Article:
Restorative Justice is difficult to define, which is what justifies this blog. We will spend posts continually exploring the concept. Partly that is because each student who goes through the program experiences it in his or her own way. Each can offer their own definition. And that is the beauty of it.
We explain it to the kids referred to us by telling them, even the very young, to focus on the word restorative. We ask them, what gets restored? What needs restoring? Pretty quickly they answer, old homes and cars, or furniture. Some will even say reputations. If not, we just ask, can reputations be restored? They say yes, and then we ask how? They usually answer, by doing something nice or by saying sorry? And then we know they understand.
At this point I tell them that if I have done something wrong that perhaps disappoints my wife–which happens more than I would like to admit–I want to do something to make up for that. Surprise her with a home-cooked meal, buy her some flowers, something that “fits” the magnitude of the offense. That is what restorative justice is. It is a way for the child to understand, hey, we all make mistakes. And I’ll make more. What’s important is how I move on from these, whether I’ve learned from the mistake. Have I repaired the damage I may have caused, even if that damage is to myself, my pride or my self-esteem?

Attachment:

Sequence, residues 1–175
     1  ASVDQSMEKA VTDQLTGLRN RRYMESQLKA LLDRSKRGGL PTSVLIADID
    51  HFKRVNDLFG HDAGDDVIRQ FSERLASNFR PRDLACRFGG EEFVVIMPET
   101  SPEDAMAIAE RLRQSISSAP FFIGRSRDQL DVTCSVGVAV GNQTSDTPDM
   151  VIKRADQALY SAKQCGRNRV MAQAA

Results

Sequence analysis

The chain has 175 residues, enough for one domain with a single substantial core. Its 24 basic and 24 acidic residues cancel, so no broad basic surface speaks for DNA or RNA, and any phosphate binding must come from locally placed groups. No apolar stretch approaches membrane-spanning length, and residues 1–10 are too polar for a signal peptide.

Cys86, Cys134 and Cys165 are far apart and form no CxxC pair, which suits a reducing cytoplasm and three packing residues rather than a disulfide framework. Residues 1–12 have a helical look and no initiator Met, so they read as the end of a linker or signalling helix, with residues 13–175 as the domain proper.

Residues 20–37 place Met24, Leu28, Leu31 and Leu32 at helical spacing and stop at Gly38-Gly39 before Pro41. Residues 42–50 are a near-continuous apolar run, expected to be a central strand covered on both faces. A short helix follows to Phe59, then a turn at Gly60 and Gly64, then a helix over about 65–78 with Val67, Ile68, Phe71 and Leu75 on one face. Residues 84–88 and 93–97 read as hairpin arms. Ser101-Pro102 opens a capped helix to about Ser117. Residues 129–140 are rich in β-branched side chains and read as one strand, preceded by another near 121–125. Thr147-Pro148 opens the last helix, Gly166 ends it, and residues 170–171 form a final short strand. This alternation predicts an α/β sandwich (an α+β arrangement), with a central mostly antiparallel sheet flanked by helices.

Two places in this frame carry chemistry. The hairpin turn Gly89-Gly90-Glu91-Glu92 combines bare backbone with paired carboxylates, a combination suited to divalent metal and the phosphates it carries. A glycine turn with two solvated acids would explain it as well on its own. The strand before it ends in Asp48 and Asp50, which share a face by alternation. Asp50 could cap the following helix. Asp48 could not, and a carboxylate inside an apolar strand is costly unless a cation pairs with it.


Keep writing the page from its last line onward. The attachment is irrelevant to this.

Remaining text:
Restorative justice is education. Not quite like learning calculus or biology, but learning about something just as important. It teaches that our actions have consequences, and not just for ourselves. It teaches that those consequences are trying to tell us something that we need to learn in order to grow as people, as family members, as community members, and as citizens. It teaches that we are part of a greater whole, and that comes with responsibility. Most of all, it teaches that living up to that responsibility delivers great rewards.